Yes, Catie Warren was right to stress the fact that sex which you agreed to, though you may regret, is in not considered rape.  But this article is missing several key points which I felt should be emphasized.  Rape is not just something that happens to girls at parties.  It can happen to anyone in almost any situation.  Consensual sex occurs when two people have previously discussed that they want to have sex with each other.  Therein lies an issue that needs to be discussed. How do we empower young women and men to have that clarifying conversation?  Talking about and defining consent is the beginning and needs to be the norm.  As a society we have to stop tolerating “rape” as a casual term.  For example, “our football team raped in intramurals” or “I raped that calculus exam.”  It is a powerful word with an emotional connotation and should not be used so innocuously it seems like an attempt to make an action of the word.  We must band together to abolish a culture where it is okay to excuse or joke about rape.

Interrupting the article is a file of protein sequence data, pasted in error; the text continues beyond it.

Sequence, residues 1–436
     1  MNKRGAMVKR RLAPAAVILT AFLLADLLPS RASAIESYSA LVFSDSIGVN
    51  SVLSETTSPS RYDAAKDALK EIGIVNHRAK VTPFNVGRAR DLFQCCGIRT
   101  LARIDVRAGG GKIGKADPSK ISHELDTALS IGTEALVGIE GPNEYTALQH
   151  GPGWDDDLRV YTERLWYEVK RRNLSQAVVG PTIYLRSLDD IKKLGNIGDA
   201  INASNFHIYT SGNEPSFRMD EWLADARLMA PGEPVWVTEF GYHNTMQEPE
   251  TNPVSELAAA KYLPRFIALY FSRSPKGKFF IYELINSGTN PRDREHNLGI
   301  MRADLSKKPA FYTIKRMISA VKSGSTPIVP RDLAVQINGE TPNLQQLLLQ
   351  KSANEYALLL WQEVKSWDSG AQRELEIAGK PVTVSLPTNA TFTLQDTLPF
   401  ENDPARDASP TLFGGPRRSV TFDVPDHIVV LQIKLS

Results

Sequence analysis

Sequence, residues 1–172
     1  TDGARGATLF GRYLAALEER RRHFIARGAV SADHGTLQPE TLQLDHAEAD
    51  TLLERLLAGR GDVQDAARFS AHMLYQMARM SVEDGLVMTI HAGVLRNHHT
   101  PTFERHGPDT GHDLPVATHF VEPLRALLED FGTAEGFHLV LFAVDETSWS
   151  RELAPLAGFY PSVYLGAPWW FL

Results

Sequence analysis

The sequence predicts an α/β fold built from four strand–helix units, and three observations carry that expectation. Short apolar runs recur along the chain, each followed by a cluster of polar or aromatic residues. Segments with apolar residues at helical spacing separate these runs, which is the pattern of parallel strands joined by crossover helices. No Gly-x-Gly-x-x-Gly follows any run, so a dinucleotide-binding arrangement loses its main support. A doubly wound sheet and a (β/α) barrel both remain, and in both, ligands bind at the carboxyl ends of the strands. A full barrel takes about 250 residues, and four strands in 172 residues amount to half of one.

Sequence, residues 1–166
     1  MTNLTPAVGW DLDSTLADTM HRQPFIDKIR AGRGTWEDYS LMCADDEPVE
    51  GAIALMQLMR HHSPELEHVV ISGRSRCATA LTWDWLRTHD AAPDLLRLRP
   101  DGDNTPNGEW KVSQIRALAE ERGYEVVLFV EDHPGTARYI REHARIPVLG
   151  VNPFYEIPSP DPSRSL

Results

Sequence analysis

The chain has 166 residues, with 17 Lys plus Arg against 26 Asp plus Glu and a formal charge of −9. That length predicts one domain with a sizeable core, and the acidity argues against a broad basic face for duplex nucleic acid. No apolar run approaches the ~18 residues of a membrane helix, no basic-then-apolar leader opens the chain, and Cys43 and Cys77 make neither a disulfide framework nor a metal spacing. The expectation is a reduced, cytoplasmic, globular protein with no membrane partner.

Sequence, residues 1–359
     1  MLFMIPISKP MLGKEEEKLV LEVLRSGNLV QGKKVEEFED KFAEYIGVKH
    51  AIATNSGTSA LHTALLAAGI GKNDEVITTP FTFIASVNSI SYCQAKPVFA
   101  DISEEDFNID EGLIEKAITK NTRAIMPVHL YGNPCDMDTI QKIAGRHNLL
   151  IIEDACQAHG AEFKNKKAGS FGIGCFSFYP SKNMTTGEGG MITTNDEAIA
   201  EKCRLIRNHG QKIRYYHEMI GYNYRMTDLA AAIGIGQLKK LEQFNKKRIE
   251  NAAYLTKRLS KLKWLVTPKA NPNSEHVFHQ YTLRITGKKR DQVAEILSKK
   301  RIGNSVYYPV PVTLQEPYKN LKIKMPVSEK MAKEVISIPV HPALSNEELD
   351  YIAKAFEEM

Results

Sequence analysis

Originally written for the Georgia College Women's Center.

Introduction to Under Athena's Wing

I have recently started working at the Women's Center at my school and have come to the realization that Women's and Gender issues are my passion.  Though I will continue to post on my personal blog, I began this blog as a place to collect my feminist related writings.  Though Greek mythology is not known for being incredibly feminist, I believe Athena could act as a great role model for many women.  Not only is she my favorite goddess, she is representative of wisdom, courage, strength, and skill; all traits we must embody in order to make the change we want.  Growing up in Athens, Georgia, I was constantly seeing Athena in the form of a statue placed in the middle of our downtown.  I have always found this depiction of her regal and worth looking up to.  As I am still new to the feminist world, I titled this blog Under Athena's Wing to represent the position I believe I am in.  I have found something that I love so much and though I am no expert on the subject I am so ready and willing to learn and be able to put these lessons back into this world.

Photo Credit: Way Marking